Spirituality & Health Magazine

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Dusting wood surface with sponge
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Dusting Is Dangerous to Your Health

What you need to know about the hazardous chemicals lurking in household dust.

“Housework, if you do it right, will kill you,” said humorist Erma Bombeck. She was joking, but a new reportfrom researchers at the Milken Institute School of Public Health at the George Washington University links dusting to danger in ways that are not a laughing matter.  

The study looked at data on dust samples from 14 states around the country, and catalogued the top 10 harmful chemicals found in 90 percent of the dust samples, including a known cancer-causing agent called TDCIPP. That’s a flame retardant commonly used to treat furniture, baby items and other household products. This study the first comprehensive analysis of consumer product chemicals found in household dust, according to the study’s lead author, Ami Zota, ScD, MS. Dr. Zota is an assistant professor of environmental and occupational health at Milken Institute SPH whose research area is how environmental exposure interacts with social conditions to affect community health. The study’s findings, she wrote, “suggest that people, and especially children, are exposed on a daily basis to multiple chemicals in dust that are linked to serious health problems.”

The problem with these dust-born chemicals is that constant exposure adds up, say the researchers, especially for young children. Here are the toxic chemicals that most concern them:

  • Phthalates: Used in cosmetics, toys, vinyl flooring, and even fast food. These are thought to interfere with hormones in the body.
  • Phenols: Found in cleaning products.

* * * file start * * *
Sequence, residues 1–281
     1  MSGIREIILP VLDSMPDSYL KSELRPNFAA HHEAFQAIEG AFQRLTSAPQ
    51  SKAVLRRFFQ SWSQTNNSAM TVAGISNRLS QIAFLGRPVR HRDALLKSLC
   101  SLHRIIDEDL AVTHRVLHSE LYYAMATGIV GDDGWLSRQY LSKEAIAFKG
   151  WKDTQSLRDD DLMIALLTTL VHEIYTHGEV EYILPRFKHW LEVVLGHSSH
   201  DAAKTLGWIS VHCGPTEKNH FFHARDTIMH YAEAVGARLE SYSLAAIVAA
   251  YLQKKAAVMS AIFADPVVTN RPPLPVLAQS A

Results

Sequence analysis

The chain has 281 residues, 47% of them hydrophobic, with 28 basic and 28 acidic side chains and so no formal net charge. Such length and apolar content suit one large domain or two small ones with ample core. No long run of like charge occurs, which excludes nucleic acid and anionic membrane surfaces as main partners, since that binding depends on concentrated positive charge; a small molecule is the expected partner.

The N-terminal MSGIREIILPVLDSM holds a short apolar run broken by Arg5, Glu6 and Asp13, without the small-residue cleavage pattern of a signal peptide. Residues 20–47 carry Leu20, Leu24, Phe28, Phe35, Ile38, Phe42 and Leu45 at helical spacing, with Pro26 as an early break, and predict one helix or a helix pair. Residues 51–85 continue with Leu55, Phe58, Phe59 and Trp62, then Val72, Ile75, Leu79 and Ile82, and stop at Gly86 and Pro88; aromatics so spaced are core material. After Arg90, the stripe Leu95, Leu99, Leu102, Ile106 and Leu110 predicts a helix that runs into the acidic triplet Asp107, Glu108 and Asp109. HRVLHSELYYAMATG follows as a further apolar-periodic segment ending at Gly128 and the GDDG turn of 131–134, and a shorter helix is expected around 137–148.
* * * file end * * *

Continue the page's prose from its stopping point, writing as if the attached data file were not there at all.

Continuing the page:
• Flame retardants, such as in furniture or drapes.
  • Fluorinated chemicals used in nonstick cookware, cell phones, pizza boxes, waterproof items, and stain proof products. They are linked to health issues with the immune system, digestive, developmental and endocrine system.

You probably are recoiling a bit. Who knew a pizza box and your cell phone could lead to a cloud of toxic dust? But there are some ways you can reduce your exposure to chemicals in household dust. First, keep dust levels low by using a strong vacuum with a HEPA filter. Wash your hands frequently. And avoid personal care and household products that contain potentially dangerous chemicals. Silent Spring Institute has a free smartphone app, Detox Me, which provides research-based tips on how to reduce your exposure to harmful chemicals.

“Consumers have the power to make healthier choices and protect themselves from harmful chemicals in everyday products,” wrote Robin Dodson, an environmental exposure scientist at Silent Spring Institute. “These things can make a real difference not only in their health but also in shifting the market toward safer products.”

You don’t have to pull an Erma Bombeck and give up dusting all together, but you might want to think twice about what’s in your house, and how you approach cleaning it.

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